Haida Gwaii celebrated a monumental Hospital Day on Saturday.
Not only was it the 110th Hospital Day in Queen Charlotte, hundreds gathered in front of the islands’ newest hospital for its finishing achievement — the raising of the Skidegate Inlet Healing House Pole / Sahgwii X̲aana K̲aahlii Ngaaysdll Naay GyaaG̲ang. Closing the day was a feast to celebrate the pole raising at the George Brown Recreation Centre in Skidegate.
Carved by Master carver Tim Boyko with Tony Greene, Tyler York, and Billy Yovanovich III, who also painted it, the pole tells the story of traditional and modern medicine combined. It features bear teaching a doctor, a raven between a baby and fungus man, a Haida shaman in regalia, an eagle, and up top, three watchmen representing nurses and a doctor.
“When we raise this pole, and hold a feast to celebrate, it will be the first monumental pole raising in Daajing Giids in well over 200 years,” said Kim Goetzinger, emcee at the raising.
Kerry Laidlaw is site administrator for the new Haida Gwaii Hospital and Health Centre / Xaayda Gwaay Ngaaysdll Naay, which opened last year. Laidlaw said right from the beginning of the hospital project, organizers planned a prominent place for a monumental Haida pole.
Given how close it is to the hospital, the pole has a unique, engineered steel base to keep it secure so the pole raising was joined by a construction crew as well as hundreds of strong-armed pole raisers.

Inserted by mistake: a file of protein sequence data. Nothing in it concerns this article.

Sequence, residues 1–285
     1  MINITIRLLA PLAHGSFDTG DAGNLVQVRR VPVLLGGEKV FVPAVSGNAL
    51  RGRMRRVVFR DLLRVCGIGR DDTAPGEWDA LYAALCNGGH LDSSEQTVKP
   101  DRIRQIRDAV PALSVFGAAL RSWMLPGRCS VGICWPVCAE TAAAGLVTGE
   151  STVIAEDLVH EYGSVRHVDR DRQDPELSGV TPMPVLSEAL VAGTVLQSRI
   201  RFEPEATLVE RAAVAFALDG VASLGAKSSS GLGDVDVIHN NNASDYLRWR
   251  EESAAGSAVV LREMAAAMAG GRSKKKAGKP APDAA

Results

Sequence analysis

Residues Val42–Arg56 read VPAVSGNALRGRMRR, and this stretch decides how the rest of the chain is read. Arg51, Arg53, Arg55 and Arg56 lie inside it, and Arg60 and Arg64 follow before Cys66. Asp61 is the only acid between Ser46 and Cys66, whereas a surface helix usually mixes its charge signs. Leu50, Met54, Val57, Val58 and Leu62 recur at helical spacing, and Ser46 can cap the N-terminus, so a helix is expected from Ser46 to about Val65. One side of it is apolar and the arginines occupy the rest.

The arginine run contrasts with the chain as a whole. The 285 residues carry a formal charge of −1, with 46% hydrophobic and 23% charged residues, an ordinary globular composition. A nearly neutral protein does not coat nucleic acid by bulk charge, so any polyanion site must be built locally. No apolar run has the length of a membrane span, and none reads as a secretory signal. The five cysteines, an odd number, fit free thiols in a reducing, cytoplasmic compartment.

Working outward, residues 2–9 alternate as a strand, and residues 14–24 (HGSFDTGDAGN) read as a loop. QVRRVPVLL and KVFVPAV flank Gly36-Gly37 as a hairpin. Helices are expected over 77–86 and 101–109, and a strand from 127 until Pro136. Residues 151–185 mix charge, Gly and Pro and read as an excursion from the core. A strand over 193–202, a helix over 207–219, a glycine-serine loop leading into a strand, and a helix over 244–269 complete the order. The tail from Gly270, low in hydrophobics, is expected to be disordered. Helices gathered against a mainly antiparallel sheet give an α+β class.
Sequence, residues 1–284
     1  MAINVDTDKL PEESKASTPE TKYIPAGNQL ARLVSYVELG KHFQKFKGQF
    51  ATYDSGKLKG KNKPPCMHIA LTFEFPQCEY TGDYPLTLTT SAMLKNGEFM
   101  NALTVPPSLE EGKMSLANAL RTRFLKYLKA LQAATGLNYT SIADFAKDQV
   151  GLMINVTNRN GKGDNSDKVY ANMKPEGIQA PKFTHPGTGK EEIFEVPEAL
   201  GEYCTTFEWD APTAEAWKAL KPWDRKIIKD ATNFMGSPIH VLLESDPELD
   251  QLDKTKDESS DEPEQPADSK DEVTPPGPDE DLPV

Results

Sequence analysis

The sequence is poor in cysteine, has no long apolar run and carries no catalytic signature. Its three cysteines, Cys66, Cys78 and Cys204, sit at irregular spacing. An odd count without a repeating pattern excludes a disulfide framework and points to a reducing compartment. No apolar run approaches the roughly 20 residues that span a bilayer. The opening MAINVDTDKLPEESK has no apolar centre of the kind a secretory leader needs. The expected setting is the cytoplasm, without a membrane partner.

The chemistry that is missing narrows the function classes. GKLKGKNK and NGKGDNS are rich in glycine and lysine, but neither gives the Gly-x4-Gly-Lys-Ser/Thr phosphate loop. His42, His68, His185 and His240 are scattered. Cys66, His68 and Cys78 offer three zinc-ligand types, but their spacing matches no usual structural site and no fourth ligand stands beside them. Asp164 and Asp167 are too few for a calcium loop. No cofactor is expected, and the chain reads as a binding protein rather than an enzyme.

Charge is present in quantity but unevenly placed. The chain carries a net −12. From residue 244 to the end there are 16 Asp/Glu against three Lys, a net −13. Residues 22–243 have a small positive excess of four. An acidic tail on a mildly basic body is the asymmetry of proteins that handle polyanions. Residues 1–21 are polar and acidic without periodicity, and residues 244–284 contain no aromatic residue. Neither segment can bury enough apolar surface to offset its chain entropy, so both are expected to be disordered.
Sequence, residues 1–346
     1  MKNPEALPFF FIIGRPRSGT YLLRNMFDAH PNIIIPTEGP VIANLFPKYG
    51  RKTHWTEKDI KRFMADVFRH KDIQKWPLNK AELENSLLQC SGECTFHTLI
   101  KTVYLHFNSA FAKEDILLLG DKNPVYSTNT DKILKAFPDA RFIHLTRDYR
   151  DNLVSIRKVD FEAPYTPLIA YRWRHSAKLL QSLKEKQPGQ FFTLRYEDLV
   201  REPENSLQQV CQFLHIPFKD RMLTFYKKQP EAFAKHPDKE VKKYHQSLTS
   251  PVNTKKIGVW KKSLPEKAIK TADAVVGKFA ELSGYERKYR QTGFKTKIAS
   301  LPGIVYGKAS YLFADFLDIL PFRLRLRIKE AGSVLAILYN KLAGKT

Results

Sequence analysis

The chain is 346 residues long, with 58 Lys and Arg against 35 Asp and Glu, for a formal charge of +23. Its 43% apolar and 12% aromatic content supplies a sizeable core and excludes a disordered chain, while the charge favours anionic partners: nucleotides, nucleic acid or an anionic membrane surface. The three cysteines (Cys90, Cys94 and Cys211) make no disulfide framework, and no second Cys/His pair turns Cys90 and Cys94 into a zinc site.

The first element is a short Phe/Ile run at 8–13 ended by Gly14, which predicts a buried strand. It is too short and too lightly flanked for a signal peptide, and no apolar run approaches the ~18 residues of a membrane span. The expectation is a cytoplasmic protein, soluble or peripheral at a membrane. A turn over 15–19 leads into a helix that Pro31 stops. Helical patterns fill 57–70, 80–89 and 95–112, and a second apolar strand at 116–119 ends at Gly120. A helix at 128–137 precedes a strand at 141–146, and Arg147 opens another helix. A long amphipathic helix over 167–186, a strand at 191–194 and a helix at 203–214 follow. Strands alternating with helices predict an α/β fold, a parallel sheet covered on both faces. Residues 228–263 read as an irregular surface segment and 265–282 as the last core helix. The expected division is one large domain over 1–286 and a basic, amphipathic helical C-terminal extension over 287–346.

“We hope this blending of approaches reinforces the message of joining together that is at the heart of the symbolism of this event,” Laidlaw said.
While the pole raising was the highlight of Hospital Day, it started as always with a parade along Oceanview Drive and a goal of fundraising $25,000.
Ellen Foster, chair of the Hospital Day committee, said this year’s funds will be used to buy new ophthalmology equipment to replace a 40-year-old device used by visiting specialists. The funds also support the Margie Colcol Bursary program, which since 2000 has awarded $57,000 to islanders going to school for healthcare careers.
Hospital Day was also one of a long list of supporters who helped fund the nearly $250,000 needed for the pole and the feast. Others included Northern Health, Gwaii Trust, Northern Savings, the B.C. Ministry of Children and Family Development, the Vancouver Foundation, Community Foundations of Canada, anonymous donors, and Doctors of B.C.
Looking around at dozens of volunteers serving lunch, manning booths, and auctioning items in the community hall, Foster noted that every single one of them is a volunteer — and many did double duty on Saturday, later serving at the pole-raising feast in Skidegate.
“It takes a village to make this happen,” she said.
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